The developmental characteristics and health behaviors of adolescents make the availability of certain services-including reproductive health services, diagnosis and treatment of sexually transmitted disease, mental health and substance abuse counseling and treatment-critically important. Furthermore, to serve adolescents appropriately, services must be available in a wide range of health care settings, including community-based adolescent health, family planning and public health clinics, school-based and school-linked health clinics, physicians' offices, HMOs, and hospitals. National, authoritative content standards (for example, the American Medical Association's Guidelines for Adolescent Preventive Services (GAPS), a multispecialty, interdisciplinary guideline for a package of clinical preventive services for adolescents may increase the possibility that insurers will cover adolescent preventive services, and that these services will become part of health professionals' curricula and thus part of routine practice. However, additional and specific guidelines mandating specific services that must be available to adolescents in clinical settings (whether in schools or in communities) are also needed. Although local government, parents, providers, and schools must assume responsibility for ensuring that health services are available and accessible to adolescents, federal and state financing mandates are also needed to assist communities and providers in achieving these goals. The limitations in what even comprehensive programs currently are able to provide, and the dismally low rates of preventive service delivery to adolescents, suggests that adolescents require multiple points of access to comprehensive, coordinated services, and that preventive health interventions must be actively and increasingly integrated across health care, school, and community settings. Unless access issues are dealt with in a rational, coordinated fashion, America's adolescents will not have access to appropriate health services. Current efforts to minimize current health care expenditures through managed care programs inevitably conflict with efforts to deliver comprehensive preventive services to all adolescents. Use of multiple sites may not represent inadequate access to care. However, as managed care reimbursement continues to expand, school-based clinics and free-standing adolescent health programs increasingly report decreases in reimbursement without a change in demand for services. The Office of Technology Assessment study called for explicit funding and expansion of services for America's youth; since then, a federal Office of Adolescent Health has been authorized, and, by the time this reaches print, should have received appropriations and been staffed. Dryfoos has called for expansion to nearly 5000 comprehensive programs in the coming years. Additionally, The Robert Wood Johnson Foundation has just announced a $23.2 million state- community partnership grant program to increase availability of school-based health services for children and youth with unmet health needs. As health care reform efforts move forward, both careful definition of the services adolescents need and adequate financing for these services are essential to ensure access to care for all adolescents.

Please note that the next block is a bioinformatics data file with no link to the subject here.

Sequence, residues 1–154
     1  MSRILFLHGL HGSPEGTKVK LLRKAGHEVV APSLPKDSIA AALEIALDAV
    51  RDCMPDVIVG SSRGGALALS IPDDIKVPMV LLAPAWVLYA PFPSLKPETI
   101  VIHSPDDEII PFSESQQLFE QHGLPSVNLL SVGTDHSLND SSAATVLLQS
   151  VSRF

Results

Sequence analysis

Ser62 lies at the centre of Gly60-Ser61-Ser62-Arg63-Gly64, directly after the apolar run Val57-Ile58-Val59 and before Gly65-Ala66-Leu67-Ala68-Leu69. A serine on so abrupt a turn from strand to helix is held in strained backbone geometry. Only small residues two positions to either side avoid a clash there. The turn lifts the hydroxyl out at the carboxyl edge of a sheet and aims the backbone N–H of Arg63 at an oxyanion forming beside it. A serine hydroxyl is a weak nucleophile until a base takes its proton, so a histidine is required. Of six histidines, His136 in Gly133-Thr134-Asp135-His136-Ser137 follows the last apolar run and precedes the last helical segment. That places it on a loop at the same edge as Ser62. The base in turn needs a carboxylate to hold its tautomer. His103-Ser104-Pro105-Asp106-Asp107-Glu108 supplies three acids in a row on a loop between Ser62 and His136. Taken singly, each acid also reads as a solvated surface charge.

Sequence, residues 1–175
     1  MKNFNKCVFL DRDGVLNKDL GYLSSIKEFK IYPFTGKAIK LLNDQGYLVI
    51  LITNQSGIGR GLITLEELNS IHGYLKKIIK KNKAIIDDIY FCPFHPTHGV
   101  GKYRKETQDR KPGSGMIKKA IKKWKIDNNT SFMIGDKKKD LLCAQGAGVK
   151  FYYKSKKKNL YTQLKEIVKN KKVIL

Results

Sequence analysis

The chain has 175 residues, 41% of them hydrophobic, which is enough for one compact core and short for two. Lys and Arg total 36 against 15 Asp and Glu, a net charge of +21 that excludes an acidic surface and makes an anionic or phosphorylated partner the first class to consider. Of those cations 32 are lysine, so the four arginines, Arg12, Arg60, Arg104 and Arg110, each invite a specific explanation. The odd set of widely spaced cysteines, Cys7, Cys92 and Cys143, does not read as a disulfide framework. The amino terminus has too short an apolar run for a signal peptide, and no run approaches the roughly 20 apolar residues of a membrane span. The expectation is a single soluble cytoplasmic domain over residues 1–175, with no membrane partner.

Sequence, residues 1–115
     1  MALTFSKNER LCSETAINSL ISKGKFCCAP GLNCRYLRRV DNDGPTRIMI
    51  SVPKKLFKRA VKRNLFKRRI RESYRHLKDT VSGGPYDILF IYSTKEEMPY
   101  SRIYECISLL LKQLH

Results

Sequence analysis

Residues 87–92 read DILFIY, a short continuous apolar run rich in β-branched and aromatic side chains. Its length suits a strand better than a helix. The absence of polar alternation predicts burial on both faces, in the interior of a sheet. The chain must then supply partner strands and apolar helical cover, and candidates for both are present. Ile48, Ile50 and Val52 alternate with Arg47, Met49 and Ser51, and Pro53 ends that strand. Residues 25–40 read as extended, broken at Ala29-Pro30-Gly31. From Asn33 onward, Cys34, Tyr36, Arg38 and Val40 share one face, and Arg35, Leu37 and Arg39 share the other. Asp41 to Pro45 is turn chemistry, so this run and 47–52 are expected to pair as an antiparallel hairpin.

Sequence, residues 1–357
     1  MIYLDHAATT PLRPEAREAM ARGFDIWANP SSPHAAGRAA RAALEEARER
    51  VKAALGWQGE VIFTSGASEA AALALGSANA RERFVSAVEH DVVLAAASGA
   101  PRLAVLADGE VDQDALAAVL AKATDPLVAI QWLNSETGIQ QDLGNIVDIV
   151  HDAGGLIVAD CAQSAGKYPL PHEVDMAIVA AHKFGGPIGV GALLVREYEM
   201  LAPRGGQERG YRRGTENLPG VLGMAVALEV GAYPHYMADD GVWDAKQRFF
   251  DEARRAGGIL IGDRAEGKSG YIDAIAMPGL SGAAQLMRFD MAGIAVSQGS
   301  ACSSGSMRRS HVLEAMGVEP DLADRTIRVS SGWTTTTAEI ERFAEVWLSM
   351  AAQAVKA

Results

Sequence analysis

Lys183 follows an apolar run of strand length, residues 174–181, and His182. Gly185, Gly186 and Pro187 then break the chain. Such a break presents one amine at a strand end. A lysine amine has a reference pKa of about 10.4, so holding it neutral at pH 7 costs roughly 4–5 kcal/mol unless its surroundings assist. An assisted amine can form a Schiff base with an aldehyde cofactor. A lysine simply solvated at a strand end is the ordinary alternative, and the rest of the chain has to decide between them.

|Original language||English (US)|
|Number of pages||17|
|Journal||Bulletin of the New York Academy of Medicine: Journal of Urban Health|
|State||Published - Dec 1 1993|
ASJC Scopus subject areas
- Public Health, Environmental and Occupational Health